You’re here because you decided to take the leap and become a freelance writer. Congrats! You’re joining a rapidly growing (and very lucrative!) workforce. Only, as reality sets in, you realize how little you know about what to do next. If only you had some freelance writing tips for beginners to guide you.
Where will you start?
How will you find clients?
What does it take to actually land gigs and get paid?
With these nine strategies in your writing kit, you’ll get a leg up over your competition and be on the path toward freelance writing success!
You want to get paid to write, but how do you funnel your natural talent into a profitable business? Learning how to make money writing seems impossible when you’re just starting out, but many are finding success, (including yours truly!):
Breaking into freelance writing is hard work, but if you write like hell and tenaciously pursue your goals, you have an excellent chance of succeeding.
At the beginning of my freelance writing journey, I was utterly clueless. In retrospect, I realize how little I knew and what a benefit it would’ve been for me to have some guidance from a mentor.
Walk with me, talk with me, learn from me, and let’s set you up for longterm success as a freelance writer!
When I first started freelance writing, I felt like I was just throwing things at the wall to see what stuck. Looking back, I would have saved a lot of time and sanity if I’d had a business plan.
My first of these freelance writing tips for beginners is to write out a solid business plan. As a freelancer, you are your own small business, and every business needs an effective plan for the future.
You’ll need a plan to guide you from where you are now to where you want to be! After all, if you want to make a living as a freelance writer, it helps to have a good grasp of what that living looks like.
An excellent business plan should cover two areas: financial and personal.
For your financial business plan, ask questions like:
And for your personal goals, focus on:
Once you’ve got those answers laid out — you’ve got a working business plan! It’s a great practice to revisit this plan every couple of months to check in with your progress and stay on track with your goals.
As a brand new freelance writer, you’re going to need all the practice you can get. The best way to practice writing is to launch your very own blog!
Starting your own blog is a great way to improve your writing and keep the creative juices flowing. Writing a few blog posts will also flesh out your portfolio if you’re new and don’t have any samples under your belt. Research lucrative freelance writing niches that pique your interest and start writing and publishing content to your blog.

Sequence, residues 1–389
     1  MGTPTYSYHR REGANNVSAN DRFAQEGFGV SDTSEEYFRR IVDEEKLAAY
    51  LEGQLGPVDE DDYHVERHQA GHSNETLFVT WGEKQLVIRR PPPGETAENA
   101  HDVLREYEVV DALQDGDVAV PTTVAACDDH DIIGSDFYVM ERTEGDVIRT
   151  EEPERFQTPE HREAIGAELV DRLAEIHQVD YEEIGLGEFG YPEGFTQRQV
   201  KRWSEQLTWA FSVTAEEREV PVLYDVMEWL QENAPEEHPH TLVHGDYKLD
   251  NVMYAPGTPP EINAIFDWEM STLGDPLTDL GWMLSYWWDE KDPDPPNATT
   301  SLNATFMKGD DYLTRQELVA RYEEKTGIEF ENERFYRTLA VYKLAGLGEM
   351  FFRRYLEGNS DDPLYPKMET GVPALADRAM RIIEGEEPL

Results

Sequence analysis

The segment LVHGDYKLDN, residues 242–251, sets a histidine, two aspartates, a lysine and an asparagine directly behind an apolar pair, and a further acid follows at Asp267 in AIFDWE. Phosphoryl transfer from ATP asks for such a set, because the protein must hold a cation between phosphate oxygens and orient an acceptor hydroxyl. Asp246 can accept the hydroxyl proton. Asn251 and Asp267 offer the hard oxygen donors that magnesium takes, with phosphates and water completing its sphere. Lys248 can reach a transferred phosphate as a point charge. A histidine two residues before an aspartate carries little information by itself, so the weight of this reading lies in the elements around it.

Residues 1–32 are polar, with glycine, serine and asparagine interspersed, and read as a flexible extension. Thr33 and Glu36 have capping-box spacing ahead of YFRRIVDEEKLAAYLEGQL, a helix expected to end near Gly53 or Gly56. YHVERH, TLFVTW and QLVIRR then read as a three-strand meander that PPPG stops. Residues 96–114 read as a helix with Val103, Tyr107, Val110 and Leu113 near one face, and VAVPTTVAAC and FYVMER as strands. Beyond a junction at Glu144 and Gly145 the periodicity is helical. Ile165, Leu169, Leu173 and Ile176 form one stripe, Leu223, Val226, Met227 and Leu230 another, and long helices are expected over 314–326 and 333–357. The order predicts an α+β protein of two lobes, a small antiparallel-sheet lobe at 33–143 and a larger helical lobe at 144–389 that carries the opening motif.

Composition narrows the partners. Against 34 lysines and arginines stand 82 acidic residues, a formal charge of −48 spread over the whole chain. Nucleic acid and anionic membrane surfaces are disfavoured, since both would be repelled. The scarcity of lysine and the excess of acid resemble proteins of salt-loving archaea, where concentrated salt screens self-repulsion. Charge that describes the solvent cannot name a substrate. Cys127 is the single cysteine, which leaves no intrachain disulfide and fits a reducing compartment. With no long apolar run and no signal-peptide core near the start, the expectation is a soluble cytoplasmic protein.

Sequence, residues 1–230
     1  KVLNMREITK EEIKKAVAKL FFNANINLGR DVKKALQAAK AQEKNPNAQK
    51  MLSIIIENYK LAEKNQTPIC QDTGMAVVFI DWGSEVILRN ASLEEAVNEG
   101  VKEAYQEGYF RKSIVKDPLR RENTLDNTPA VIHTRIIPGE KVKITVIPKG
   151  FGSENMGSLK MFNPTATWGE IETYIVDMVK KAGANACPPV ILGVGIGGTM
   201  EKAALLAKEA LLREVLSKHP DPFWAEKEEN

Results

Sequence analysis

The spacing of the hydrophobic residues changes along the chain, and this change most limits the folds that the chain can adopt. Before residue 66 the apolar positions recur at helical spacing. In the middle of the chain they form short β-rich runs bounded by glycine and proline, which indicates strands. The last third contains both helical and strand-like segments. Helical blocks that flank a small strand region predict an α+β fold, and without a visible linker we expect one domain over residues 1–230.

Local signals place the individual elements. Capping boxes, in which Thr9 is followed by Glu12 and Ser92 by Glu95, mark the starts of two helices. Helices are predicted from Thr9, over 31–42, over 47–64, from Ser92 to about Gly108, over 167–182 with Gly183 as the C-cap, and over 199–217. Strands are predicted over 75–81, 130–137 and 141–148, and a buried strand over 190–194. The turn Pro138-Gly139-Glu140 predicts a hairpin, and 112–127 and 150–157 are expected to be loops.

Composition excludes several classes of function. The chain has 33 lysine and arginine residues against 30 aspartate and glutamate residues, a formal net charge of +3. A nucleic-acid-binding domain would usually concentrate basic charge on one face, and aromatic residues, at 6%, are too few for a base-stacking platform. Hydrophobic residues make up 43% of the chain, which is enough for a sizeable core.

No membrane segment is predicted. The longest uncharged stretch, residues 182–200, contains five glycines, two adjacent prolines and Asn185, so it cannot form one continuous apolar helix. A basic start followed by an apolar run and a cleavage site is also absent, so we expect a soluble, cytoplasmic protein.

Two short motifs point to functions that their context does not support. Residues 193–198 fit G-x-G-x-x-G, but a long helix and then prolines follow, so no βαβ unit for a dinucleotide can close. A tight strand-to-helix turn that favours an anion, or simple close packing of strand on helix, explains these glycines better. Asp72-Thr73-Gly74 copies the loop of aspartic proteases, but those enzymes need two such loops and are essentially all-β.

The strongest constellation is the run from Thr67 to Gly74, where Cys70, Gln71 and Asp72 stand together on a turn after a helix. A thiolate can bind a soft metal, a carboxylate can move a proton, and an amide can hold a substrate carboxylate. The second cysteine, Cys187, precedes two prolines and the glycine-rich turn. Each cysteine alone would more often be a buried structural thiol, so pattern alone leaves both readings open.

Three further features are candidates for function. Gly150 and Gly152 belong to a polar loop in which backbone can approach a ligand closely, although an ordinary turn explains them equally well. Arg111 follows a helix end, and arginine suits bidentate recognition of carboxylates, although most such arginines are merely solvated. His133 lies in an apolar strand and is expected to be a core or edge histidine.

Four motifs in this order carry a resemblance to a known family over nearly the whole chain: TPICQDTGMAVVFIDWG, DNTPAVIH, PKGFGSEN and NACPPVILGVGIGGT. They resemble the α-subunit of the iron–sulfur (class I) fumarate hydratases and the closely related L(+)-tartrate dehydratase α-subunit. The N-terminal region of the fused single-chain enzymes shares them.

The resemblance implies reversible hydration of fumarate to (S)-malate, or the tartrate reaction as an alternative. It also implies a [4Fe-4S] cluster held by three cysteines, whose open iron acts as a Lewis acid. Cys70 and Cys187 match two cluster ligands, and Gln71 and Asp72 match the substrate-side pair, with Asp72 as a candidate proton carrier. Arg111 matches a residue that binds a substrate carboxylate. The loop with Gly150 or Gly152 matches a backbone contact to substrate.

That way, whenever you send a pitch, you have examples to link to! Having your own blog serves as a magnet to attract clients in the niche you want to get paid to write for.
For example, if your goal is to write website copy in the online food space, blog about marketing tips for restaurants, or how to optimize a menu to appeal to target customers.
If you want to write resumes for new college grads, blog about which job search sites are the best for each industry.
Don’t be afraid to let your personality shine through! It’s a great way to show what sets you apart from the competition and can attract clients who want to work specifically with you — and that’s why it’s on this list of freelance writing tips for beginners!
So often we have tunnel vision with our goals, that we forget to feed our heads. Sure, we might not want to go back to school, but that doesn’t mean we can’t learn.
One of the best pieces of advice I can give you is to never stop investing in your education. Enrolling in an online course offers you the opportunity to learn from industry experts.
You’ll learn writing tips, marketing and network guidance, and how to create a portfolio that lands you writing clients.
There are millions of online courses aimed at freelancers, so finding the right one can be overwhelming. But don’t worry, I’ve put together some recommendations for great, reputable courses you should check out:
Wondering how to get clients for content writing? The internet is a vast marketplace for the gig economy. As freelancers, we’ve never had more access to job boards, freelance marketplaces, and connections through social networking.
I started my writing career on Upwork, and it’s proven a rewarding platform once you learn how to navigate it.